We stayed put behind cover as a hellacious rain of firepower exploded all around. The orange glow of fires reflected off the cavern walls in the distance and made the growing cloud of smoke high above glow orange with reflected light.

The inevitable lull in the fight eventually arrived.

And I did what had to be done.

I squeezed the button and lit the fire.

“People of the marketplace! This is Scout. Come and join me in the fight! General Curtis has no intention of letting anyone escape! He’s going to kill us all to send a message! The time to fight is now! I will fight for you! I will die for you! Join me now if you want to live!”

The last words echoed around the cavern.

The sporadic report of gunfire was all that answered.

At first, anyway.

And then another sound overtook the gunfire and the crackling of raging fires and the shrieking of the wounded and dying.

It started weak and came from disparate voices here and there around the marketplace.

But it quickly grew as more and more joined in.

Until at last it shook the air and drowned out all else.

An unleashed fury so mighty it made the ground tremble. A pent up cry that released generations of injustice and transformed and focused it into action.

They came slow at first, in ones and twos, with righteous rage burning in their chests. Before long, streams of people filed in and filled the lane behind the barricade.

And they didn’t arrive with only their beating, bleeding hearts in their hands.

They came with cold rage in their eyes.

And they came armed with rifles, pistols, axes, metal bars and other instruments of violent revenge.

“I’d say we’re ready to roll,” Crypto said as cranked a steering wheel around and around. Hidden wheels beneath the metal carapace scraped and crunched the dirt as they rotated in place.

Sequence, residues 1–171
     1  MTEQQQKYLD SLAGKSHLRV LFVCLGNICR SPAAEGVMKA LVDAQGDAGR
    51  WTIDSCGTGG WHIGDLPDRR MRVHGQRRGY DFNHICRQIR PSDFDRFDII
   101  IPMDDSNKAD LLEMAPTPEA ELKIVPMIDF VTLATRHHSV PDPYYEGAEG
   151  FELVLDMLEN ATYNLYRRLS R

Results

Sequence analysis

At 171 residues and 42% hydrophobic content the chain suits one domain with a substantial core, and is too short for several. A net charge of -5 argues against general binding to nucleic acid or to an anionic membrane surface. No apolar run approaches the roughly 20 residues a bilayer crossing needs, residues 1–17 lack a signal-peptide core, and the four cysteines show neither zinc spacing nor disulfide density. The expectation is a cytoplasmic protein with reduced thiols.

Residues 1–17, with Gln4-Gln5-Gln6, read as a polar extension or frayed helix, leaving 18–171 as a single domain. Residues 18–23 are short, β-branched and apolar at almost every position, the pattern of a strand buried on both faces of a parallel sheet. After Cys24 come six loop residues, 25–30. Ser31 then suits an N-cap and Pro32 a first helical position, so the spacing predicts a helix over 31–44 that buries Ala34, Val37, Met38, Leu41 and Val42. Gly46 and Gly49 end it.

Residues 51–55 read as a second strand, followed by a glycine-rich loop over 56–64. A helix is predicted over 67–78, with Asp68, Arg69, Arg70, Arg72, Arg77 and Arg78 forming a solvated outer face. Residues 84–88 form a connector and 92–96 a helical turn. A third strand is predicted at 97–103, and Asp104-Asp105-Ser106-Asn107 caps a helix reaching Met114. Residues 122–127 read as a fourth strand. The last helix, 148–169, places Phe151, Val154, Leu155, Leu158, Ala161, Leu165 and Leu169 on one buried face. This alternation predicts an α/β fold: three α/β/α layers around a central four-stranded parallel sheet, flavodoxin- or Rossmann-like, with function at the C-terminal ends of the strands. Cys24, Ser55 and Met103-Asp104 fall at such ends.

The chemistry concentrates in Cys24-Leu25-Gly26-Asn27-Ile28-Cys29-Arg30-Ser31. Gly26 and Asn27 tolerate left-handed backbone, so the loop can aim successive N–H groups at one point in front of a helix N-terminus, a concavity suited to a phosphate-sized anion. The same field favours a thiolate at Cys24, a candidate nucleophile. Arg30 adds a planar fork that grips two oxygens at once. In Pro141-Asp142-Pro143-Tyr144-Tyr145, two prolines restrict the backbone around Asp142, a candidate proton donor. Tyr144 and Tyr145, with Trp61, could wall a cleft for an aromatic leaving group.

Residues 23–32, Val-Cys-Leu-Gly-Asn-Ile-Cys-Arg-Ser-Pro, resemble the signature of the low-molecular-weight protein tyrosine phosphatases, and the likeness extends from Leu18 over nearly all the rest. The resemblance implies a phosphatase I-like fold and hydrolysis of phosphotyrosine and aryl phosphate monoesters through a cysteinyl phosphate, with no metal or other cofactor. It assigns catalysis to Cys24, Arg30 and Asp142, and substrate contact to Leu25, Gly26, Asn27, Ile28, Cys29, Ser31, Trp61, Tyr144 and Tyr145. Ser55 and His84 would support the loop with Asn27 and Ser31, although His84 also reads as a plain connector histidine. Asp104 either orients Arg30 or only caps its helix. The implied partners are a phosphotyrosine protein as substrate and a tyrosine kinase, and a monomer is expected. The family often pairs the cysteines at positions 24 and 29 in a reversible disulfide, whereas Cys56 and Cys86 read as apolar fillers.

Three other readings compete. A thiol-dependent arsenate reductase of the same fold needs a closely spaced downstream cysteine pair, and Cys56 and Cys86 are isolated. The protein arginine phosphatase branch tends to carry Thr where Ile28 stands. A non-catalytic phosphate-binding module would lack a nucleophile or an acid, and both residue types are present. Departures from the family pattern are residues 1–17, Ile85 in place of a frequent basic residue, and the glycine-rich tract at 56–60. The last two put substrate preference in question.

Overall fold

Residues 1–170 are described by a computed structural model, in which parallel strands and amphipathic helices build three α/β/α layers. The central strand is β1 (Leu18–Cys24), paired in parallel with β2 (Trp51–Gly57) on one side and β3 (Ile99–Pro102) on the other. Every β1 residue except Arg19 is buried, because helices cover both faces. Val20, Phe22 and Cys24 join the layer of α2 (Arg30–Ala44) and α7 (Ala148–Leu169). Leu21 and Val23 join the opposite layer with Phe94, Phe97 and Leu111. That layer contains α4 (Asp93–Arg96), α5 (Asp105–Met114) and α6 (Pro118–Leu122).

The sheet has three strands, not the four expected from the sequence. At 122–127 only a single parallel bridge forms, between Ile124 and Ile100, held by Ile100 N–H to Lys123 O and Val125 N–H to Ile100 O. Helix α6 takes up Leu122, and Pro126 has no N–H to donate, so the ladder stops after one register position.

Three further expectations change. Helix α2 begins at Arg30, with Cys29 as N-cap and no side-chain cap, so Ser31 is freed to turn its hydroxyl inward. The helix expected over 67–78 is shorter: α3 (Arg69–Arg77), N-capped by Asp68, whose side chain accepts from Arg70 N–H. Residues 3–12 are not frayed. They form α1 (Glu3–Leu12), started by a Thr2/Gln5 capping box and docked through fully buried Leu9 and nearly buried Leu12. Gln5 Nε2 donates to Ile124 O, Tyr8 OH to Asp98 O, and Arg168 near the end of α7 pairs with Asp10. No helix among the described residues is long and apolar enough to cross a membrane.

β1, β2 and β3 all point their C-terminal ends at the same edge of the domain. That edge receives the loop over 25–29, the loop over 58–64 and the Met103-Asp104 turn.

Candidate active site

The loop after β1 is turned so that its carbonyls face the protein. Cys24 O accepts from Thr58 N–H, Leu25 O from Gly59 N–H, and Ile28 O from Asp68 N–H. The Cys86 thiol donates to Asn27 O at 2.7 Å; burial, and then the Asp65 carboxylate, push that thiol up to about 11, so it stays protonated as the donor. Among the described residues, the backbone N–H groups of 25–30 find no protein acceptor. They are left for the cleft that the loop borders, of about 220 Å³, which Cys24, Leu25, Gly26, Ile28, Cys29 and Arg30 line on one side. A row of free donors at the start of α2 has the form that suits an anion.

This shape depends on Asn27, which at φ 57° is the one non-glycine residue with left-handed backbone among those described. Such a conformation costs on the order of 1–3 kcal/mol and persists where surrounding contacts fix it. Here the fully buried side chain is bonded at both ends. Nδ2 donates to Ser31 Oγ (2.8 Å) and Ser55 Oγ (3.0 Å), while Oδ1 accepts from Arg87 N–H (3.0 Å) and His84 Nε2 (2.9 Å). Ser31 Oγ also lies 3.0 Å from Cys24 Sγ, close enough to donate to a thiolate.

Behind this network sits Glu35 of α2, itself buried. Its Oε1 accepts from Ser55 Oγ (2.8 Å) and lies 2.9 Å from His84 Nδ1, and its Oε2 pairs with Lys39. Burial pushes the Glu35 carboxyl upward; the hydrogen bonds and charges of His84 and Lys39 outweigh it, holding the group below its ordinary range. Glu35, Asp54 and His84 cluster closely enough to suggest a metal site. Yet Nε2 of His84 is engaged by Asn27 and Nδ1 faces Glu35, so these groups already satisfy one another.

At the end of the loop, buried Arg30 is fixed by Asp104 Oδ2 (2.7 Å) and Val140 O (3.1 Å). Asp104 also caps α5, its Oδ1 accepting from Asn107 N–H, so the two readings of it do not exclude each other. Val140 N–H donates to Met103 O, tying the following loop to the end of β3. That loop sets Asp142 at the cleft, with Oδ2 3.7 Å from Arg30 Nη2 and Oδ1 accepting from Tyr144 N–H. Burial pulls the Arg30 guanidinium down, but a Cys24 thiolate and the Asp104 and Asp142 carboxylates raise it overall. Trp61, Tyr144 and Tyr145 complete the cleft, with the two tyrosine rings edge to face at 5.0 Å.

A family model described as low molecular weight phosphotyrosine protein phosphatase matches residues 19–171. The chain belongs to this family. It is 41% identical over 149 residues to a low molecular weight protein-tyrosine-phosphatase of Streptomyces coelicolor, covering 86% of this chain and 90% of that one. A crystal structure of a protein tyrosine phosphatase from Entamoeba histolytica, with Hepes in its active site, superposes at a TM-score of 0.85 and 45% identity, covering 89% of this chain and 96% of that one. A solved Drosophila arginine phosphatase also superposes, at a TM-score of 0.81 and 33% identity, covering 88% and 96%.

The engine roared and the barricade lurched forward.

And then I realized that it was no barricade.

It was an armored vehicle.

Then the engine coughed and died and the ram stopped.

Crypto cranked it over and over while bullets and RPGs hammered the far side, but it wouldn’t catch. He leaned out. “Push the damn thing!”

Okay, less an armored vehicle and more a rolling pile of scrap metal.

The two apes slung their submachine guns over their shoulders and drove into the side of the vehicle. Grunting like they were giving birth, the vehicle started to move.

“Help them!” I shouted to the others and soon the thing was rolling toward the line of Grays like a massive battering ram.

I turned back to the crowd of recruited fighters and waved them forward. I yelled into the megaphone, “Use the vehicle for cover and fire at will!”

Those not pushing it forward squeezed toward the center while Martinez and I held lead positions at the corners. Every time one of the Grays popped up above their line of shields to take a shot, we sent rounds downrange to make them drop back into cover.

Fifty feet away and the ram was going so fast we all had to jog to keep up.

An RPG shot forward and I ducked into cover to avoid getting my head taken off. It impacted to the rear and the explosion took out several people bringing up the rear.

Now thirty feet away and I could see the terror in the eyes of the first line of Grays. They were about to get ran over and they knew it.

I fired at one that leaned too far beyond the cover of his shield and hit him in the shoulder. He went down behind other shields before I could hit him again to ensure he was taken out of the fight.

Their line parted in the middle and collapsed to the sides.

It was almost like they were inviting us in.

And then I saw the reason for the change in formation.

A team of Grays hustled forward with a wheeled gun. The barrel was the size of a sewer main. Fully a foot in diameter.

We were seconds away from getting annihilated.


Chapter 31

I reached into the cramped pilot cabin and grabbed Crypto by the arm and yanked him out. I shoved him into the arms of one of his guards and then yelled into the megaphone.

“Run for cover! Now!”

I took the lead to show everyone what to do. I aimed at the Grays and let loose with a withering barrage while darting sideways away from the rolling vehicle.

Martinez had already seen the danger and was pulling people away on her side while also laying down suppressive fire.

Only twenty feet away.

Maybe they wouldn’t have time to get the big gun into the fight.


The concussive force flung me through the air like a rag doll. I hit the ground hard and rolled to a stop. The pipe sticking out of my smacked the ground more than once sending stabbing pains radiating through my head. I squeezed my eyes closed and fought to keep from passing out.

Shrapnel screamed through the air in all directions.

A splinter hit me in the leg. The metal sizzling as it seared the surrounding flesh.

I reached down and found a bit of it still sticking out. I yanked it out, wincing as it burned the pads of my finger and thumb.